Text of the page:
Culture shock in Ecuador… the culture of yes

After a long talk with a friend of mine, an American who is living in Ecuador, I realized I was not the only person struggling with some habits of the country… the culture of sí (yes) being one of them.

I just arrived to Ecuador, and it is a very easy country to fall in love with. The people are sweet, helpful and warm that you start talking to strangers without noticing, there are beautiful natural parks all around you and it is small enough that it makes it easier to explore. It is normal to be eating in a local restaurant and hear everyone who walks in wishing you “bon provecho.” It is definitely a people of ‘easy’ smile, and warm personalities, living in a country full of beautiful things and amazing culture

But then you have the issue of “Sí! (yes)…” This will be one’s answer for everything, especially when you are hiring a service. “–Can you deliver this by tomorrow? Sí.”  “-Is this a direct bus to Cuenca? Sí.” “-Can you bring me a fork and a knife? Sí.” You will not receive it by tomorrow, the bus will not be direct, and you will never get a knife…Yes!

On my third day in the country, before I started working, I decided to explore the South. For the first time I had the “si” culture struggle when buying a 10 hour bus-ride to the south. I asked a few general questions if the bus was direct, if there was AC, and how long it would be. Turns out that the bus had nothing of what he firmly promised by answer “si” to all my questions. By the time I got to the South I was annoyed by his lack of honesty. But after weeks I realized that most people will answer yes, or what they think you want to hear, in every situation. My landlord has been promising me he will fix the internet tomorrow for the past 2 weeks, he always has a cute smile saying that “the guy bailed on him” “there is a cable missing” “tomorrow will be fixed.” They don’t necessarily want to take advantage of you, it is just sort of their culture. They will claim that everything is easy to be done, possible and doable… they will promise it. And soon you will realize it is not that simple.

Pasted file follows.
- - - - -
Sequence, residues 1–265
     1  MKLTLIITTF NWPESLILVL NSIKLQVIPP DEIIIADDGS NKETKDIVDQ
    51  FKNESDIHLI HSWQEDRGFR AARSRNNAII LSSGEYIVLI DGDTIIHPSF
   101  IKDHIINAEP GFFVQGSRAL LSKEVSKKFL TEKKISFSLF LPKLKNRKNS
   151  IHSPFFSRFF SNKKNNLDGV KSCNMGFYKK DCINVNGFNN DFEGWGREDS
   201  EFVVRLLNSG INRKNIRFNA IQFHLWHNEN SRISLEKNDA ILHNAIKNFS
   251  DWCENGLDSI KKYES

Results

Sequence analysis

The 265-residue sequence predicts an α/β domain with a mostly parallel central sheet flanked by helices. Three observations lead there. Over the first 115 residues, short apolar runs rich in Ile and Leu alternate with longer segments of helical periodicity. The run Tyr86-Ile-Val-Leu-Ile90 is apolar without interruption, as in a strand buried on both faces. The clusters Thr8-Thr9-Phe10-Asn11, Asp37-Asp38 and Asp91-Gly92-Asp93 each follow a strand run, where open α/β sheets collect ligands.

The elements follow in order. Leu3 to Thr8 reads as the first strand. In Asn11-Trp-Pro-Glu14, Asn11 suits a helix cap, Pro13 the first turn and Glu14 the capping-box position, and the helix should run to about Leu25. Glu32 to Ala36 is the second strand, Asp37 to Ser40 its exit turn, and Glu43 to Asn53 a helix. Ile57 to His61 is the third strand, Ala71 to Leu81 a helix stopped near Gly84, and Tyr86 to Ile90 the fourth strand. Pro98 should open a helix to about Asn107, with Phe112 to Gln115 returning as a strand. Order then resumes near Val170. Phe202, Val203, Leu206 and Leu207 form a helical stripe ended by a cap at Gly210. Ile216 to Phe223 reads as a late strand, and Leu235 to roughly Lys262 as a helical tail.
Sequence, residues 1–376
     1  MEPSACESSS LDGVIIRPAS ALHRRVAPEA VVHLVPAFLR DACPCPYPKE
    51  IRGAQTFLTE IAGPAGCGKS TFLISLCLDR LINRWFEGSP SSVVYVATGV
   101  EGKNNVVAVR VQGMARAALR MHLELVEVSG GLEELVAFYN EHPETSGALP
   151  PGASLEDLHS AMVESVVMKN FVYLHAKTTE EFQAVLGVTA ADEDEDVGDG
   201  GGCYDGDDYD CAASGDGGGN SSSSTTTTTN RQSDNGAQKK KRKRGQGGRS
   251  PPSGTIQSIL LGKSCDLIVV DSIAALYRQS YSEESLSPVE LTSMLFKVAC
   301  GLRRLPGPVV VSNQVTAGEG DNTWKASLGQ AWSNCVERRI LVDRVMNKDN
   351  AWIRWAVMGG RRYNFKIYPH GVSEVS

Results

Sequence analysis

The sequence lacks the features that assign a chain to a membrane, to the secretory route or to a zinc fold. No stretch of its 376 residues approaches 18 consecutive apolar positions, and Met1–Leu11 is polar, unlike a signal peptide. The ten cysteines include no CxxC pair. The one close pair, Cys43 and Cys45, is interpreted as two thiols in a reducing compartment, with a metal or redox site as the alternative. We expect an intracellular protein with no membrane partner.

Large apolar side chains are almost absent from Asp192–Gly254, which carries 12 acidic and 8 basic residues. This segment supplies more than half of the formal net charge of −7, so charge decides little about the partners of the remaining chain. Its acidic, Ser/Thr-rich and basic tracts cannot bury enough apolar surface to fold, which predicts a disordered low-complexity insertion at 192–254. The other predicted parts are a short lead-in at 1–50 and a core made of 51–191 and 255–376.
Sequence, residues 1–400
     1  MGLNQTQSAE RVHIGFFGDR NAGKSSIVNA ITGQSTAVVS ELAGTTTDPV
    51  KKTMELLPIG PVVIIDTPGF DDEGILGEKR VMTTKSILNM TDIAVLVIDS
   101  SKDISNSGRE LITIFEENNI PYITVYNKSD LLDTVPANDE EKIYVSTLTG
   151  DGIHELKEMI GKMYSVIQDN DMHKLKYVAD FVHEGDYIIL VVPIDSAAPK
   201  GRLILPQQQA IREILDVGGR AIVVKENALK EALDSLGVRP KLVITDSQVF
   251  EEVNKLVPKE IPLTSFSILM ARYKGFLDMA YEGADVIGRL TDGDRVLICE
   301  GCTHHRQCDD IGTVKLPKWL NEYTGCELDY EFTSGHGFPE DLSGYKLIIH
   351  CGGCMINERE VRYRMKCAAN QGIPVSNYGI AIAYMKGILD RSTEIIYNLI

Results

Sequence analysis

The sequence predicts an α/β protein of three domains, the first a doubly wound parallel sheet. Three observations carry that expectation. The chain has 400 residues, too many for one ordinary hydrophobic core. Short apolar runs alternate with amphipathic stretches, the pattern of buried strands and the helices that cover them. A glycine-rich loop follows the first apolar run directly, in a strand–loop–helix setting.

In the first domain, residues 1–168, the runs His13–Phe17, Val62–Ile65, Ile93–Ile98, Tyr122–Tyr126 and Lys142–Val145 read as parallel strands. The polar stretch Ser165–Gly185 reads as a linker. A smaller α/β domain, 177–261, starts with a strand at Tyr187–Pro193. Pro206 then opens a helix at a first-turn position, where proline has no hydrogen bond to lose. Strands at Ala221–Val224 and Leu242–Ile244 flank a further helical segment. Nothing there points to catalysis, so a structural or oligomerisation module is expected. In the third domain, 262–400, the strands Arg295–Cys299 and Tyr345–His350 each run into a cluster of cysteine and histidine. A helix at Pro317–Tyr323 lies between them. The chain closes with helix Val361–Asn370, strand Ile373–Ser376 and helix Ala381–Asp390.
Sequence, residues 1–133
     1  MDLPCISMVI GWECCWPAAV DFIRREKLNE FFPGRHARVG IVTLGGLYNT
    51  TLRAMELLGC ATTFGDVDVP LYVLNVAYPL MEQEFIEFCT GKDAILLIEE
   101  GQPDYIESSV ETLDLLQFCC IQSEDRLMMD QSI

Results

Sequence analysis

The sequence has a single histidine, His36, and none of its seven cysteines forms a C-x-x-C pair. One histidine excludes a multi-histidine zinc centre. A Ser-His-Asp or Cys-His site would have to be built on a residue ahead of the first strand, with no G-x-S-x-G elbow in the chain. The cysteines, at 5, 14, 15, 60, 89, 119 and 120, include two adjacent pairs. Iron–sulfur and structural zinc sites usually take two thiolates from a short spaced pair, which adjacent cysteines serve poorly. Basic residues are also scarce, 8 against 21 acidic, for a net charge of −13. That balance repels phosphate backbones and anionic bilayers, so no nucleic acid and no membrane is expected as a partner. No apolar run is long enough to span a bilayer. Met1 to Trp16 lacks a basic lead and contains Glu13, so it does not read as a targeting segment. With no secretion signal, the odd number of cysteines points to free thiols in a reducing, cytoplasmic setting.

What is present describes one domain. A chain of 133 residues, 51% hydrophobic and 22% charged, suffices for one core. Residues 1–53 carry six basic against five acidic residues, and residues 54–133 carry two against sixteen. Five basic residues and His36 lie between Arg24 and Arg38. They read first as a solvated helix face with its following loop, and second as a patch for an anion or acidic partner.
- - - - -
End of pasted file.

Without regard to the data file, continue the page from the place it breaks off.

When you have to deal with it in your daily life, it is surely frustrating. A service can take 1 day or a month to be delivered, and you will not be able to do much about it or know for sure how long you will have to wait. A lot of times you will try to fight for your rights just to be defeated by a smile, an excuse, or a great story coming from the other side. The longer I stay here, more I I feel like it is part of their culture. Confrontation barely exists, so not much one can do…

Coping mechanisms: I’ve been learning to be more patient. To prevent frustration, I don’t ask a lot of questions, instead I ask few specific questions that will require a longer detailed answer. I am learning to plan ahead so I am not in a rush, and don’t need anything done quick. These are parts of the adaptability in a new country. Surely a lot of times it is frustrating, but it is part of the learning process…

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